It's sadly almost normal for every one with a nine-to-five to rant about how stressful work is, but for some, rants are just the tip of the iceberg. It's one thing to be stressed about certain tasks that you know can be completed, but it's another to be continuously anxious about your teammates, your boss, and your job, all the while wishing that you could just finally resign.

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Staying in a job you hate is a heavy burden, and it can definitely affect your health. According to a feature on Health.com, high-stress situations can cause you to gain weight. Dr. Katherine Tyron of global research organization Vitality Institute notes: "It really has to do with diet, physical activity, and behavior."

Here are a few things that you're probably doing that can cause unhealthy weight gain:

1. You stress eat.

One of the most common outlets of highly-stressed individuals is food. "When work stress starts eating us, we start eating," says an article on TIME. It's been suggested that immense pressure also affects food choices: according to the Harvard Health Publishing, "physical or emotional distress increases the intake of food high in fat, sugar or both...

"Once ingested, fat- and sugar-filled foods seem to have a feedback effect that dampens stress related responses and emotions. These foods really are 'comfort' foods in that they seem to counteract stress—and this may contribute to people's stress-induced craving for those foods."

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2. You sit for long periods.

When you've got tons of deadlines to meet, you don't notice time passing by. It's important to stand up from your seat at least every three hours. In fact, one of Female Network's previous articles has mentioned that staying sedentary won't only cause weight gain, but also increase the chances of an early death: 

"Those who had more than 11 sedentary hours in a day increased their risk of all-cause death by 12 percent as compared with those who had only four sedentary hours. They also increased their mortality risk due to cardiovascular disease by 13 percent, coronary heart disease by 27 percent, and cancer by 21 percent."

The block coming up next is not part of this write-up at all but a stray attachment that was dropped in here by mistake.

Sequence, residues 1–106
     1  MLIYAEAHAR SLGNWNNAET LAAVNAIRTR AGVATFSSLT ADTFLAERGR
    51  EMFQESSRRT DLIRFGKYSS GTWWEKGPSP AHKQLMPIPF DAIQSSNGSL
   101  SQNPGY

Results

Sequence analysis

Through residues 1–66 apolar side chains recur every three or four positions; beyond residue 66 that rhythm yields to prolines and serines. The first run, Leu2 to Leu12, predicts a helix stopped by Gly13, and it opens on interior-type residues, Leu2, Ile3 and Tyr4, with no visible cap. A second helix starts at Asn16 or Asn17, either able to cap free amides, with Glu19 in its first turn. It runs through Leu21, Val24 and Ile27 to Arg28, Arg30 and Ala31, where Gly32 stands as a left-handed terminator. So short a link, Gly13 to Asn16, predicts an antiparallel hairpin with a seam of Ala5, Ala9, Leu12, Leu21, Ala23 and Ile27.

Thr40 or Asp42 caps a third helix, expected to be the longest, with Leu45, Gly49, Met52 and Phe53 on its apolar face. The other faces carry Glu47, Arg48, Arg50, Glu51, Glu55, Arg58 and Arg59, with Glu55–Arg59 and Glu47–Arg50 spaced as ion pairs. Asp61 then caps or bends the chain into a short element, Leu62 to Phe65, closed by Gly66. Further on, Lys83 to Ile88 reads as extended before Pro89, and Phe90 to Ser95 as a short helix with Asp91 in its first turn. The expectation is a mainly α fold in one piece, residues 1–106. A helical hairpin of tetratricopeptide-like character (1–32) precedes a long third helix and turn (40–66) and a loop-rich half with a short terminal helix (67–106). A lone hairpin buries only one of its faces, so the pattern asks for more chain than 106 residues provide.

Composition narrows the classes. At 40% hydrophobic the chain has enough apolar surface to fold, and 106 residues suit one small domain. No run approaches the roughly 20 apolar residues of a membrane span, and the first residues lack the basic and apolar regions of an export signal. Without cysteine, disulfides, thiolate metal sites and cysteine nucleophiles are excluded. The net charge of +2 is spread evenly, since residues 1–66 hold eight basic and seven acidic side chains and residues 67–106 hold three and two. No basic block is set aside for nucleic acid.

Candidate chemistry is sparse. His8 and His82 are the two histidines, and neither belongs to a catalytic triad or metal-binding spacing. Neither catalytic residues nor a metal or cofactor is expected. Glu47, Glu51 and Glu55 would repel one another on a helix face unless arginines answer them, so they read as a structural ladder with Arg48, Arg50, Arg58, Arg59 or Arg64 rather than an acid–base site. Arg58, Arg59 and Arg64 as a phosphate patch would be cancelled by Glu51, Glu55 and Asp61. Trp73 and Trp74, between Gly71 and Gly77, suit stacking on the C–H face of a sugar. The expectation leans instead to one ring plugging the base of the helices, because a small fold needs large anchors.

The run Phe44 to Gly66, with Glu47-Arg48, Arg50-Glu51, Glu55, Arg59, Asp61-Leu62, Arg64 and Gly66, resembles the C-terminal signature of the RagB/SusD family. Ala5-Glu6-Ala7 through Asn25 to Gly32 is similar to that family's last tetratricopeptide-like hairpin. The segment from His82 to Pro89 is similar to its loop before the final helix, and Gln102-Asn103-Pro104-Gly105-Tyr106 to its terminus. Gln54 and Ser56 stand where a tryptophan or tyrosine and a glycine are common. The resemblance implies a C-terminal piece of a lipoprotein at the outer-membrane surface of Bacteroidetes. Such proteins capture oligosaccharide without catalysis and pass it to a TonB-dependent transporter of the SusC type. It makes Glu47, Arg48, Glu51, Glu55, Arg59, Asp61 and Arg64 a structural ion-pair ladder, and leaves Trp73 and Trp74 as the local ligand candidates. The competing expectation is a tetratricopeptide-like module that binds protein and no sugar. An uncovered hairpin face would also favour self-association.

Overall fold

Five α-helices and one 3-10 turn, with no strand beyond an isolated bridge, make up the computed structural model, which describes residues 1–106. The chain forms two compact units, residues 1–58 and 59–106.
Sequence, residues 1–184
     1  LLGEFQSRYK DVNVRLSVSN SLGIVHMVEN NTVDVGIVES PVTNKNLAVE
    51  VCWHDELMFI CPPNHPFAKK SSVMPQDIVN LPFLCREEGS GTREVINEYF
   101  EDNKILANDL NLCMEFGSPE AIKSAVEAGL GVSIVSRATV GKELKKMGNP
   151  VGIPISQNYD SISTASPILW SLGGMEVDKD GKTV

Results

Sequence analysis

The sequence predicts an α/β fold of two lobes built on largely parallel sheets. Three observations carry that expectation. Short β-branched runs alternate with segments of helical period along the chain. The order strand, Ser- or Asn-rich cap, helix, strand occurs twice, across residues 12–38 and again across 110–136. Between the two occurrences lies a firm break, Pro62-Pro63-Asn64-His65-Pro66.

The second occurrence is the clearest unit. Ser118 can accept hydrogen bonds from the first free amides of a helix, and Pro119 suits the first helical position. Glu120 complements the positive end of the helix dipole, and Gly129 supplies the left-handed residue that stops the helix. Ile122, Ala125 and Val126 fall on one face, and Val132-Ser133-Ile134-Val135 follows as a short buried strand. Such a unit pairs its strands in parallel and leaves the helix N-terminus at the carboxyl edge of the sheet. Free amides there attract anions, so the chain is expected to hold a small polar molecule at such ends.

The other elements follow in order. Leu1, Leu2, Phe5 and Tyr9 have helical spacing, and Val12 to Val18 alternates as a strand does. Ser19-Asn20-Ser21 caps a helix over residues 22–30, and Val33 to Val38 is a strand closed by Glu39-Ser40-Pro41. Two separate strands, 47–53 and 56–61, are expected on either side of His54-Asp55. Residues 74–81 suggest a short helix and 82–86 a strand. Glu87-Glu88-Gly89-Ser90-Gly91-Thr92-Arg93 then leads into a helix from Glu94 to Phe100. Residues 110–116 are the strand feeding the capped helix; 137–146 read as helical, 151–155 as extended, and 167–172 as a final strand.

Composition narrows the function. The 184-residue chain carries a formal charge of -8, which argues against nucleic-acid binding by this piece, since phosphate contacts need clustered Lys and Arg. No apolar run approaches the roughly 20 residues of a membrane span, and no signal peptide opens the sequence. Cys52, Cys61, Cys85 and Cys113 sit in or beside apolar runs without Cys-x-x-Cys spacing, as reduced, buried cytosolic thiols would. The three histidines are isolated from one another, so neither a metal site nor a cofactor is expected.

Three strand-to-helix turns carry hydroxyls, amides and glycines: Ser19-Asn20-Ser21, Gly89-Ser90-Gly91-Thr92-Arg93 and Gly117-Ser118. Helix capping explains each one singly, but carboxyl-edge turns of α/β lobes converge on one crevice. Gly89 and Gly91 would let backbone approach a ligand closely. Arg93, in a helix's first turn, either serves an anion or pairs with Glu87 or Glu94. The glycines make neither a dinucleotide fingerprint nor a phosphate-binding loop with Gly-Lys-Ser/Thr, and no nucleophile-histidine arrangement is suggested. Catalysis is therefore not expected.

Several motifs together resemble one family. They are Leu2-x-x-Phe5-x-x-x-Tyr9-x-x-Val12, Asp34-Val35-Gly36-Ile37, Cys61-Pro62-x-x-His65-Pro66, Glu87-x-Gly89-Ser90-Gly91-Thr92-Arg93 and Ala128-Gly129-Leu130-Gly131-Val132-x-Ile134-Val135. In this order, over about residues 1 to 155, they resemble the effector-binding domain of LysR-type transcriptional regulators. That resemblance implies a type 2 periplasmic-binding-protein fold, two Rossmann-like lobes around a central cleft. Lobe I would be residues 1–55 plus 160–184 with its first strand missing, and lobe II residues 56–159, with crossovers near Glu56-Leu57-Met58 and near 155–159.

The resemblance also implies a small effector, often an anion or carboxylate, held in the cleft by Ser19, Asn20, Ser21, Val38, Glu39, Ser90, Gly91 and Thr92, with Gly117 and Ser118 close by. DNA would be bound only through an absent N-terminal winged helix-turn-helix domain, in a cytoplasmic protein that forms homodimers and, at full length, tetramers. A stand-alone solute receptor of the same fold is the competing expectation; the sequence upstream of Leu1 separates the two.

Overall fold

3. You don't eat on time. 

Skipping meals may be a small thing, but it can start a chain reaction: first it makes you unable to focus; then your brain convinces your body that it's in survival mode, causing the release of the stress hormone cortisol, which stores extra calories to keep you up and running. And because your body is screaming for energy, you tend to reach out for sweets (see Number 1).

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The more you disrupt your usual meal cycle, the more stressed your body is.

4. You don't sleep on time.

Pulling all nighters for your job means that you regularly lack sleep, and sleep deprivation can negatively affect your metabolism, which, in turn, can cause you to gain pounds. 

What to do

Let's face it: not everyone has the privilege of resigning right away. If your job has started to become too stressful and unfulfilling for you and it's beginning to affect your physical, emotional, and mental well-being, the easiest way you can address it is by speaking with your direct supervisor. There are times, however, that your direct supervisor is your issue. While it's possible to speak with HR, there's also no denying that reporting your boss may cause him or her to retailate.

Sometimes, the best course of action is to walk away.

Do diet pills work?

While some health supplements may help with weight loss, be wary about diet pills that claim miraculous results in such a short span of time. Schedule an appointment with a nutritionist (or possibly a mental health professional if you feel like managing your daily stress is more urgent in the meantime) but do not rely on shortcuts and temporary solutions to address major health issues. Exercise, a balanced diet, and proper self-care can get you closer to a healthy lifestyle than a pill. It's still most important to address the root of the issue, which, in this case, could be your stressful job. 

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Now, to deal with a job you hate and you plan on leaving, you must first ground yourself and assess your current situation. Confirm the source of your stress, find out how much you can do to remedy it, then ask yourself for how long you can hold on. Once you've given yourself a time frame, create an exit plan—look for other opportunities while making sure that you have enough money to keep you going if what you're initially looking at doesn't work.

Unless the situation calls for it, don't resign without a Plan B. Always have a safety net. Remember that quitting doesn't always mean that you've given up. It can also mean that you want something better for yourself.

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